Owners and operators of industrial machinery: Don’t worry — Mark Swarny has you covered.

Swarny, founder of Custom Linings and head of its corporate operations, was stationed at Tinker Air Force Base near Oklahoma City when he was first introduced to the world of industrial coatings.

“I was doing some research using coatings for the military. I spent a year and a half researching a particular type of coating process,” he said. “We were getting ready to buy coating equipment for the military and Desert Storm came along and took away all of our operating capital. I was sitting there one day and said, ‘I’m going to start my own company.’

“So I did.”

Swarny worked on his business in the evenings for about six months while still on active duty.

“I got my first government contract; I had my first government contract canceled for conflict of interest,” he said. “I was in my … 20s and didn’t understand a military person could not own a company that sells services to the military.”

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So the then-young airman requested an early out on a Friday.

“Long story short: I was granted an honorable discharge on Monday,” he said.

After 10 years of military service, Swarny struck out on his own.

Line ’em up

Swarny started Custom Linings, which coats equipment subject to impact, abrasion or corrosion, in the mid-’90s in Oklahoma. He moved (along with his operation) to Buena Vista in 2003 for “a lifestyle change” and, due to the number of clients he’d accumulated along the Front Range, moved his corporate office to the Springs in August 2018.

According to Swarny, Custom Linings has 10 different coatings it sells to industrial contractors, and his company works with municipal clients, as well as clients in the mining, construction, and oil and gas industries. Custom Linings’ operation also has a pickup truck-lining arm.

Mining and municipal contracts, however, make up the bulk of business, Swarny said, adding the company recently landed work lining shafts at a large mine in Saskatchewan, Canada. That contract, he said, contributed to the company’s biggest year since opening.

Swarny said revenue has increased “30 fold” over the $120,000 the company made its inaugural year nearly a quarter-century ago.

Other clients served by Custom Linings, he said, include the city of Colorado Springs and Colorado Springs Utilities.

“All of the salt trucks that go up and down the interstate for Douglas County — from Monument to south Denver — the salt spreaders are coated with our product,” Swarny said, adding the company was also contracted by the federal government to do bomb blast mitigation at some of its facilities.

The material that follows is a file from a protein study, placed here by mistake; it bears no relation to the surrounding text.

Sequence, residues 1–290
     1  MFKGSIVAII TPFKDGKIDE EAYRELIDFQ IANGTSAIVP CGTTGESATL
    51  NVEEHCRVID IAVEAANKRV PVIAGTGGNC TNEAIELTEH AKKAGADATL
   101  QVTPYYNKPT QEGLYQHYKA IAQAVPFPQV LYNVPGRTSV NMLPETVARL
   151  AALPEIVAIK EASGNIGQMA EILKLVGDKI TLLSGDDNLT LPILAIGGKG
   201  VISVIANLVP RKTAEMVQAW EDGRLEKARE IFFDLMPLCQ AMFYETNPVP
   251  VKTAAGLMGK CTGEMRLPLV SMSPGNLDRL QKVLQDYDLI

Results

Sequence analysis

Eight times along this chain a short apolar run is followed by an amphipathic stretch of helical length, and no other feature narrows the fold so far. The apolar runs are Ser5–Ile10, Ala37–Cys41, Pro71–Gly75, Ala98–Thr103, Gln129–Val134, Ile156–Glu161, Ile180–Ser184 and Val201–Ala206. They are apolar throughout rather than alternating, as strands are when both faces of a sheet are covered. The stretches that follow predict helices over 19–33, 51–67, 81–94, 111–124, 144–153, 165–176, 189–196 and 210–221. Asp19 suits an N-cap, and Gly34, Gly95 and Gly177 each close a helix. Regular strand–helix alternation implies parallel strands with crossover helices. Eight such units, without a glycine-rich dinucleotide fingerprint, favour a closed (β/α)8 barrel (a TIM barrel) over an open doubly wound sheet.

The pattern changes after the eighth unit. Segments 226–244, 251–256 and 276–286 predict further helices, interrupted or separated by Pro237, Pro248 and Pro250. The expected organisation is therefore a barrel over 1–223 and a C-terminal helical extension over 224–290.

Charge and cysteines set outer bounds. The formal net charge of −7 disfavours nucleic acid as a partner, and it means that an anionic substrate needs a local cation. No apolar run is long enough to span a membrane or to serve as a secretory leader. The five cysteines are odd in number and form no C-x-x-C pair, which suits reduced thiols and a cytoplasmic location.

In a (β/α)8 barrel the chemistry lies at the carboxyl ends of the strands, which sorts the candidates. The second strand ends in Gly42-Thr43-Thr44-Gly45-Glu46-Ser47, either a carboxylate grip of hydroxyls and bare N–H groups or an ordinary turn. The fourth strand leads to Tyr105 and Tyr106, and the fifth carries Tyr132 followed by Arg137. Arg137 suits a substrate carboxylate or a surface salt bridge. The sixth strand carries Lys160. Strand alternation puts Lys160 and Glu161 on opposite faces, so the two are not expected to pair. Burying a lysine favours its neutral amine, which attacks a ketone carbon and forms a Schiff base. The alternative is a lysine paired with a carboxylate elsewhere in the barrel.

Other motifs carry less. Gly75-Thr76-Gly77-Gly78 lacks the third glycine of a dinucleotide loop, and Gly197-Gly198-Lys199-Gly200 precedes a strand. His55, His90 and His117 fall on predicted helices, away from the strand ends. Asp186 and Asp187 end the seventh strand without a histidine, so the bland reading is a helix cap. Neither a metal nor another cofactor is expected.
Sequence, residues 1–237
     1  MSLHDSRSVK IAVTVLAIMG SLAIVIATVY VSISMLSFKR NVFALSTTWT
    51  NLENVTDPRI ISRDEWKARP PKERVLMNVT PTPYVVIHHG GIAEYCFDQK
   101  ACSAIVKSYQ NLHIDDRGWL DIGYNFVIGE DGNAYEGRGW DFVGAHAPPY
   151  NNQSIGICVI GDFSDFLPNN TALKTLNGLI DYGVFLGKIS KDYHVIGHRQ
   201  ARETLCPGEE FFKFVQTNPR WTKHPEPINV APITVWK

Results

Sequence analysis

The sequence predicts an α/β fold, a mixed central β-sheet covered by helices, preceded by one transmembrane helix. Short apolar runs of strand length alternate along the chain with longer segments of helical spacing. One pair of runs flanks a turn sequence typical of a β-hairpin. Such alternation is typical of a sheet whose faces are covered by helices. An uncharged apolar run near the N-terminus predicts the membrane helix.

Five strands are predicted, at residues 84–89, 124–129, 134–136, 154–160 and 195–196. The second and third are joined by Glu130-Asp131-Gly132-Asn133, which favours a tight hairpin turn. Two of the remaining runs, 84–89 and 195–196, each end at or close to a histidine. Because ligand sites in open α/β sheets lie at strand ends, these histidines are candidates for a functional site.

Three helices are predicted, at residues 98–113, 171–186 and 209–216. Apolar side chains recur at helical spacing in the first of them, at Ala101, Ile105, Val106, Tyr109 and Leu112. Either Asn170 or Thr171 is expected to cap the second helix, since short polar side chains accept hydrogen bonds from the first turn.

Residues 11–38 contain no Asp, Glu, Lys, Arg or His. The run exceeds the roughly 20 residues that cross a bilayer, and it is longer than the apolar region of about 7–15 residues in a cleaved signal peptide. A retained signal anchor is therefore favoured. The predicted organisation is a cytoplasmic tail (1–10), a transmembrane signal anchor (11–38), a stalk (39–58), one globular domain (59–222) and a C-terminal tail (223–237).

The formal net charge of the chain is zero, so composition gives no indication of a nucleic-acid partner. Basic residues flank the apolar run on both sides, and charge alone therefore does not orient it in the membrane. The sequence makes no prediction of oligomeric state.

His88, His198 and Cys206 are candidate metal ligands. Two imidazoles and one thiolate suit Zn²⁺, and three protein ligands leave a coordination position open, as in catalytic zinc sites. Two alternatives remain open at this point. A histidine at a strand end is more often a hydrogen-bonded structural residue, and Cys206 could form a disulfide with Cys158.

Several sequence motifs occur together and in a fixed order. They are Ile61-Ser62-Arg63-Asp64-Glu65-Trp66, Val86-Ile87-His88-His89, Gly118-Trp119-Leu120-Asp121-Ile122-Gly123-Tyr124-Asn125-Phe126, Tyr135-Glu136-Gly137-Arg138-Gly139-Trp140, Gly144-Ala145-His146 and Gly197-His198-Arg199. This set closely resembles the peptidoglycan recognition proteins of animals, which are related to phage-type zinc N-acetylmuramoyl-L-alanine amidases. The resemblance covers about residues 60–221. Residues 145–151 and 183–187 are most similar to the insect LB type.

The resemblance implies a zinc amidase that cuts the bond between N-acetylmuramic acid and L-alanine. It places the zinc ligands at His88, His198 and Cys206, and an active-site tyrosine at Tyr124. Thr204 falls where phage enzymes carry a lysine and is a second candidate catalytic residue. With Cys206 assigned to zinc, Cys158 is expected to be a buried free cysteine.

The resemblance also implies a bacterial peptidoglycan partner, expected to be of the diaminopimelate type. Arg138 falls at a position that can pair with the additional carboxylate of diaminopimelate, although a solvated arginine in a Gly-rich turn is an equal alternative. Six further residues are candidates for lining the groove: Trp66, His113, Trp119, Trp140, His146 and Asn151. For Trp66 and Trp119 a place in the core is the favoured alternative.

“We line storm drains; we do manhole linings,” Swarny said. “We coat mining equipment. Everybody in this town has seen our work — they just didn’t know it.

A lot of street sweepers are coated with our product.”

Even as business booms, there are challenges, he said. One is figuring out ways to introduce relevant industries to the products Custom Linings has to offer.

“A challenge is the fact that we provide a niche service that is not widely offered,” Swarny said. “The pro is we don’t have competitors. The con is not everybody has heard of what we do. We have to do a lot of educating of engineers and facility owners.”

Educational events include lunch-and-learns at engineering firms and setting up displays at trade shows, he said.

“We’ve been around long enough in Colorado that the relationships we have — they’ve started to spread what we do by word-of-mouth. The project we did in Canada, which is the largest single project we’ve done, came to us from an engineer who saw our work at a mine here in Colorado.”

Custom Linings was contracted to work on the Climax molybdenum mine near Leadville.

“Our company was hired to do all of the coatings for all of the ore processing equipment at that mine,” Swarny said. “We were also selected to provide all the coatings on the waste water treatment plant that handles the tailings coming off that mine by Copper Mountain Ski Resort.”

Custom Linings continues its research and development, particularly in mining and pipe coatings, because those areas are the operation’s fastest-growing specialties, he said.

Swarny has also licensed the Custom Linings name to about 15 truck-lining businesses across the country.

But, he said, following three moves, Custom Linings is sticking around.

“We’ve signed a long-term lease here,” he said. “We will keep our corporate operations in the Springs.”